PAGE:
- Bender BG,
- Ikle DN,
- DuHamel T,
- Tinkleman D
The objective of study was to determine the psychological side effects of theophylline and beclomethasone in asthmatic children.
Multicenter, randomized, double-blind, parallel-group study in which 102 asthmatic children were assigned to one of two treatments, beclomethasone three times daily, or theophylline twice daily. At baseline, 1 month, and 1 year, parents completed standardized behavioral questionnaires while children received psychometric testing of attention, concentration, memory, learning, and problem-solving.
There was no consistent difference in treatment effects between the two drugs. There were two significant treatment-by-period results that were discordant; one suggested slightly improved attention in the theophylline group, while the other indicated slight advantage in attention scores in the beclomethasone group. There were numerous significant period results indicating that behavior and cognitive test performance improved over a 1-year period regardless of the treatment.
Neither theophylline or beclomethasone should be removed from consideration because of concern for significant psychological side effects. Although there is a possibility that a subset of asthmatic children, particularly preschoolers, may be at risk for medication induced changes, there are no controlled studies to prove this. Parental misconceptions of medication side effects often occur because of temporary effects that occur at the initiation of treatment or because they erroneously associate the effects of the chronic illness, asthma, with the medications.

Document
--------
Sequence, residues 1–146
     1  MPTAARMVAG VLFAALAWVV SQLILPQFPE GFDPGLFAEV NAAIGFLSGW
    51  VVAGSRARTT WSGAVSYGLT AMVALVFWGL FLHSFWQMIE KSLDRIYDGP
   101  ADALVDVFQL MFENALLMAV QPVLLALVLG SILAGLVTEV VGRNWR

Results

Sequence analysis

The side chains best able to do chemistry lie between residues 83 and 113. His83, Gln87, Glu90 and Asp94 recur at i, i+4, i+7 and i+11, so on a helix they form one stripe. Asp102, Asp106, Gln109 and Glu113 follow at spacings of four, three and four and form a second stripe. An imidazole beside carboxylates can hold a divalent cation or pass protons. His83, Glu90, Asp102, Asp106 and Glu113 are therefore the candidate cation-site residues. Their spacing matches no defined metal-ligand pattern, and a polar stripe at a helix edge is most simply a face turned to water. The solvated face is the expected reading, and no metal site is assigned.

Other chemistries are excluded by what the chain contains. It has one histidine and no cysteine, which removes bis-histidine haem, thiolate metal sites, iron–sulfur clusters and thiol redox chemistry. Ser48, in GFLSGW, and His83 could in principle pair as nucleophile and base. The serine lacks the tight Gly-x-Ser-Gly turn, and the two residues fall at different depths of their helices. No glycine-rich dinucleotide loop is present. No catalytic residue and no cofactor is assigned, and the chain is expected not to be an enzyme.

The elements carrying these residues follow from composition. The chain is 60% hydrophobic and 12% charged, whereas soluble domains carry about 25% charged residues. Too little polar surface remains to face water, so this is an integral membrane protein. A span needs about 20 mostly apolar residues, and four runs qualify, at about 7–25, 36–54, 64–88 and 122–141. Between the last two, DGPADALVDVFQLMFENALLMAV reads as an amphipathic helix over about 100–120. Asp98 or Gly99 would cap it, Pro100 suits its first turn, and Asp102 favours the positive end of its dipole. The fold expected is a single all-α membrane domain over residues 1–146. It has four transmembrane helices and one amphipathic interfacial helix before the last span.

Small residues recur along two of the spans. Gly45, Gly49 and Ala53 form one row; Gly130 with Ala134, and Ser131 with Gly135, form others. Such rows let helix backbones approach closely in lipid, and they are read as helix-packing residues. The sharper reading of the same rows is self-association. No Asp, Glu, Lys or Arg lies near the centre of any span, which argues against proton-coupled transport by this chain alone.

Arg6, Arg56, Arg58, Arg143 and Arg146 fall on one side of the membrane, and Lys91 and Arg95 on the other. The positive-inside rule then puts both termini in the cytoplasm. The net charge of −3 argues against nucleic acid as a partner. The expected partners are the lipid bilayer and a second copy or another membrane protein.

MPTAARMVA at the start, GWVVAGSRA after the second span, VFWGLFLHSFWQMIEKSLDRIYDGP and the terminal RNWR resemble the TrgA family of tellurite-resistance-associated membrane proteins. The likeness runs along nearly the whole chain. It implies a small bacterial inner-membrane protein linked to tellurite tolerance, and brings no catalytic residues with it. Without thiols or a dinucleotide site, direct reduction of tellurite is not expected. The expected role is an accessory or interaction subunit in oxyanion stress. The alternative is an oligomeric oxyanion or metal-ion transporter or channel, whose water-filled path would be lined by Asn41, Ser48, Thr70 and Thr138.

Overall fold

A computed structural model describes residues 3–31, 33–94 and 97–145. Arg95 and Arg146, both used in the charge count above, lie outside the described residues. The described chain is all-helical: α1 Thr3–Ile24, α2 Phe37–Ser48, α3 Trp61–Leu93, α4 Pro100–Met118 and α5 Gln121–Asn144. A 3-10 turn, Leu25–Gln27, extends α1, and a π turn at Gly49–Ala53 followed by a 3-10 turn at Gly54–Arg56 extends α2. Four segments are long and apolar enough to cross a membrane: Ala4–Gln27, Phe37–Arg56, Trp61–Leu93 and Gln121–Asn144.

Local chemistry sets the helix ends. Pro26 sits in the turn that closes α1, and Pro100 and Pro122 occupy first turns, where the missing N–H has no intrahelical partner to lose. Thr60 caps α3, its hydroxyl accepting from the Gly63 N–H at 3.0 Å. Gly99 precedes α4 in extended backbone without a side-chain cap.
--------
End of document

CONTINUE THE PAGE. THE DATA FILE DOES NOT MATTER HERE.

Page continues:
This study was conducted in children 6 to 17 years of age and thus cannot speak to the effects in preschoolers; however, it is refreshing to note that the behavioral side effects of theophylline and beclomethasone were not significant and that behavioral side effects were more likely to be associated with the asthma. These results would suggest that treatment of asthma resolved the apparent behavioral effects of asthma, rather than creating behavioral side effects. This is further support for effective treatment of asthma, from a behavioral standpoint, and verifies the safety of theophylline and beclomethasone as medications for asthma therapy with regard to learning and behavior.